When research winds up, or the conversation finishes on women and the narrative of systemic bias, when the lights go down on the stage, when the speaker moves away from the radio mic, when the discussion finishes in the boardroom, women return to life as it has been for a very long time. Change is limited, insight is shallow, real bias and its consequences, are only a blink of an eye away for many, if not most.
The reaction to Christine Holgate, or Gladys Berejiklian captures the dilemma painfully and perfectly. On the weekend, a man I love, who is very close to me, mansplained the difference between criminal actions and misogyny in Australian politics in response to Gladys’s resignation.
Everything he said sounded sensible. I couldn’t think of anything to say in response. I couldn’t say ‘In my bones I know you are wrong’. Terrible debating strategy if you value science. Or is it?
Sometimes intuitive insight should be heeded. And mine is – we are a long way from change and awfully close to going backwards at high speed. We don’t really understand what’s going on, do we? We only find the toxic context if we go mining for it and that takes determination and effort. You must want to uncover the truth to find something other than news that validates your own perspective.
In the last 18 months, women have endured twice the rate of unemployment as men, have in large part reverted to traditional unpaid roles, are the subject of increased rates of violence and are disproportionately at the front line of healthcare during the pandemic. And that’s in Australia!
And heaven help you if you look in other places around the world such as Afghanistan where violence has emerged against women in bucketloads, where study subjects for women at university have been limited and all-male cabinets have been established – despite overwhelming evidence that women make incredibly good leaders. Over 135,000 educators and healthcare workers, all women, have not been paid their salaries in Afghanistan since the Taliban took back the country. We think ‘we are not like that’. But maybe we are closer than most people realise.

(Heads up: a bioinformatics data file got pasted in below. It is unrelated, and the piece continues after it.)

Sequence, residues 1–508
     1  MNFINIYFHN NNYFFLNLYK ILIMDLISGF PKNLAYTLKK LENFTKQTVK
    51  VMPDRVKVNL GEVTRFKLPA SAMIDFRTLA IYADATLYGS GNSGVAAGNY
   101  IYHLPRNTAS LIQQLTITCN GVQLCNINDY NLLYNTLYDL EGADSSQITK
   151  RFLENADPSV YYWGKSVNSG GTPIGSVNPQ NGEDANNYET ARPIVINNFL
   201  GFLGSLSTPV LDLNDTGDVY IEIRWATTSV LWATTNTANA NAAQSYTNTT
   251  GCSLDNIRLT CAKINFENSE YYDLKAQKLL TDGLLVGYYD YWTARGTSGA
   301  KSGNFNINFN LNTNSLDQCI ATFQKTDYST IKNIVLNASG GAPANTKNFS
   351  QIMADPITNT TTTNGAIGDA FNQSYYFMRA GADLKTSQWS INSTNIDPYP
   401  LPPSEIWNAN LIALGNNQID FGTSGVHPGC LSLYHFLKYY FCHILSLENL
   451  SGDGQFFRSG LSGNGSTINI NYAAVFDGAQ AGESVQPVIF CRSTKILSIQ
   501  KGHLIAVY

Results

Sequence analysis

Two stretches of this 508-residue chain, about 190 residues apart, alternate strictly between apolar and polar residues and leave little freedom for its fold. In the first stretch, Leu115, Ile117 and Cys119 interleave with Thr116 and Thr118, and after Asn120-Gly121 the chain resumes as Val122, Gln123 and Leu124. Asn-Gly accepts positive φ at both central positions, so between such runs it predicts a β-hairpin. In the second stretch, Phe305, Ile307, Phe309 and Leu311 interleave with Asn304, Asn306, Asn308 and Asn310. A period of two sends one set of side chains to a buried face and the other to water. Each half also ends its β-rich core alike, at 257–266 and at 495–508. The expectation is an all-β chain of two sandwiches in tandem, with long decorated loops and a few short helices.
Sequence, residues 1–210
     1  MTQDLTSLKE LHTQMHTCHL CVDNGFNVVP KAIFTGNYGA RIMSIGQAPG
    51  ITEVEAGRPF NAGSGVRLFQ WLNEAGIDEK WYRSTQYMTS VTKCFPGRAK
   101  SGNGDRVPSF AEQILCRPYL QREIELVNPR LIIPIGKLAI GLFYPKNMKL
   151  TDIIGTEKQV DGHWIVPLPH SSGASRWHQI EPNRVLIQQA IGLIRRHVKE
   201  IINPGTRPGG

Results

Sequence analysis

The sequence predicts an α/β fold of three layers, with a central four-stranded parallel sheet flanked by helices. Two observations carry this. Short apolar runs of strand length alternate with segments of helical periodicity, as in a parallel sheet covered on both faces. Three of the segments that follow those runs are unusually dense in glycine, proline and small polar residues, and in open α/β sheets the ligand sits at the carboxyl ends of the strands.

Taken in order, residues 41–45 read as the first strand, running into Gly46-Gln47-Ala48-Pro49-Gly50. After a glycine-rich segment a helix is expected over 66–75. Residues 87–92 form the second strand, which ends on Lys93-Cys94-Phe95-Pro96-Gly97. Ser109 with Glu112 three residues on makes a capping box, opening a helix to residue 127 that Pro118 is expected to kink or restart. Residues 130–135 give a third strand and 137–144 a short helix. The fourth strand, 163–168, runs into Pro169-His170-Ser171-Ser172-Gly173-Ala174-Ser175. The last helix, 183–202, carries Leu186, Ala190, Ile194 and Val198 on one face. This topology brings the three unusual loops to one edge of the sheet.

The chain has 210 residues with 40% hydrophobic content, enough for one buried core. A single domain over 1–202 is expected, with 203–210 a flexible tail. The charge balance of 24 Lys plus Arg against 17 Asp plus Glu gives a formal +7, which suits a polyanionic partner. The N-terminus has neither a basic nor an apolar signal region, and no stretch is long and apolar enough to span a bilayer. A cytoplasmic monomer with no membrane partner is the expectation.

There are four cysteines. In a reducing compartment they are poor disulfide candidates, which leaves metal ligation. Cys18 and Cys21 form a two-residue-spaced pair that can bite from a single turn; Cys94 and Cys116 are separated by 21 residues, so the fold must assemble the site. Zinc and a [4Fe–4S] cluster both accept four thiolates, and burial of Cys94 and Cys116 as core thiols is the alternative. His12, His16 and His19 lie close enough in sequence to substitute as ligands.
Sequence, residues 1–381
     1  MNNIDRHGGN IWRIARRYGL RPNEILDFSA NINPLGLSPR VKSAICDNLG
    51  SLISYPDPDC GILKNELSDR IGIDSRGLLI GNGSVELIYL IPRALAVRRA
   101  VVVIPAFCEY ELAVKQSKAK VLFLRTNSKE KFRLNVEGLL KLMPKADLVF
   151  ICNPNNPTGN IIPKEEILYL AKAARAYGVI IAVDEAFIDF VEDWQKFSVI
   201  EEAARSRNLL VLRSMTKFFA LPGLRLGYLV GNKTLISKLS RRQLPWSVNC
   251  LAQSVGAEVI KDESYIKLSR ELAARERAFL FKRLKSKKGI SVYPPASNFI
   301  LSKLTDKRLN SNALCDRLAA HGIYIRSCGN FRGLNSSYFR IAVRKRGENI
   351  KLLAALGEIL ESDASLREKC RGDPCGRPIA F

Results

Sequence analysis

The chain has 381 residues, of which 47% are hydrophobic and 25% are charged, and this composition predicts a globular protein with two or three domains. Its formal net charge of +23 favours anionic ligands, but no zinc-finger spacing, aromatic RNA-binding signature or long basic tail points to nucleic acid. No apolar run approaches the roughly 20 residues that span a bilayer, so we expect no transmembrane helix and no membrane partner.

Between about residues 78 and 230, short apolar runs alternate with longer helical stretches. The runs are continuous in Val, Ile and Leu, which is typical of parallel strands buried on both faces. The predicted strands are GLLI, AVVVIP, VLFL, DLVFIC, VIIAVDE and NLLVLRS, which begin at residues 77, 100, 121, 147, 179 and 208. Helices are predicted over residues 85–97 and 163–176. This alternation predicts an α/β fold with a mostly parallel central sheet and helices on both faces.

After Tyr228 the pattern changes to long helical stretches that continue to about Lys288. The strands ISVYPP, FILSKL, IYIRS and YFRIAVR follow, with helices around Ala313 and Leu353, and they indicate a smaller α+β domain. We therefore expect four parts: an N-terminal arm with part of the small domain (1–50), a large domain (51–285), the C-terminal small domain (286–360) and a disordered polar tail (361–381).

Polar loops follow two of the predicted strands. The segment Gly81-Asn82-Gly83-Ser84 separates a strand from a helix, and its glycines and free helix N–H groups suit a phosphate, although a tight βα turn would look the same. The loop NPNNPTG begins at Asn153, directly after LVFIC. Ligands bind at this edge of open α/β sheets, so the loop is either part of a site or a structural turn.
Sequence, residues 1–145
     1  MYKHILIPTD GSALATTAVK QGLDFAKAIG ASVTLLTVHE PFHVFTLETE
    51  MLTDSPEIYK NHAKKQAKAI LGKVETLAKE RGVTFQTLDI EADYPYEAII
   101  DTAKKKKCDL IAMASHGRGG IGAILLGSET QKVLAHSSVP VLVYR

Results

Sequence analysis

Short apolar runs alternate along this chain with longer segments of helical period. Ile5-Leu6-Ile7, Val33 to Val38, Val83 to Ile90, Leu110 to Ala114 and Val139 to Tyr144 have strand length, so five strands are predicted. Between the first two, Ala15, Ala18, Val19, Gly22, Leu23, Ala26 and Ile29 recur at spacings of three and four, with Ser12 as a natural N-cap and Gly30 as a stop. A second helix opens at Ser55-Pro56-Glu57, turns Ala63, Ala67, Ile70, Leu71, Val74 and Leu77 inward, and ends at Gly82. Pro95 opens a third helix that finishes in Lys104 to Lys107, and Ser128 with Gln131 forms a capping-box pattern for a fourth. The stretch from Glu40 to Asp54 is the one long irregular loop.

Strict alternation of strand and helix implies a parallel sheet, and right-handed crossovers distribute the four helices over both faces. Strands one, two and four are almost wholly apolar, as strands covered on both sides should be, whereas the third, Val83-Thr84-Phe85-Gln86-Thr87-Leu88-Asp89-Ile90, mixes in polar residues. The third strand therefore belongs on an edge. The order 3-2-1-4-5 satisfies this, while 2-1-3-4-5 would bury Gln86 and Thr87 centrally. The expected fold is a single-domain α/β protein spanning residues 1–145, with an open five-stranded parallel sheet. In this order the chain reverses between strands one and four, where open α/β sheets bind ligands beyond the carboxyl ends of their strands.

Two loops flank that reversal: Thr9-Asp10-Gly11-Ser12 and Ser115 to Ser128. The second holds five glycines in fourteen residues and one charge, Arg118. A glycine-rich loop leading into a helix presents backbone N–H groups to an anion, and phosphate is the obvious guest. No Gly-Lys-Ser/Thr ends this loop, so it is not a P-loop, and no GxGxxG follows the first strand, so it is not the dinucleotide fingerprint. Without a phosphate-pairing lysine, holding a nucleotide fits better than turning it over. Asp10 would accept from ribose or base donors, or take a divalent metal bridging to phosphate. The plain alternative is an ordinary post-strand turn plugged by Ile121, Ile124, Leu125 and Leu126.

In March this year, from a total of 50 CEO appointments in ASX 200 companies, since 2017, only three appointees have been women. As recently as 14 days ago, we did a simple Mentimeter in Homeward Bound asking how many women had experienced either direct discrimination in their careers because they were women or had witnessed it happening to other women. 80% said they had.
Women in Afghanistan don’t feel safe to return to work. Many women in Australia don’t feel safe at work.
I repeat, as often as I must, supporting and promoting women, while an act of decency, intelligence, compassion, and equity, is actually a significant contribution to the sustainability of the planet. It is not just that women experience discrimination. It’s not just that they carry the load of care or can be abused verbally and physically.
It’s that we all, by nature as much as nurture, have the capacity to lead collaboratively, inclusively, with a legacy-mindset, trusted with the assets of the commons.
Time is short.
We must beat the drum of change louder and louder and louder.
This is for everyone.
Founder, Speaker, Senior Consultant & Coach
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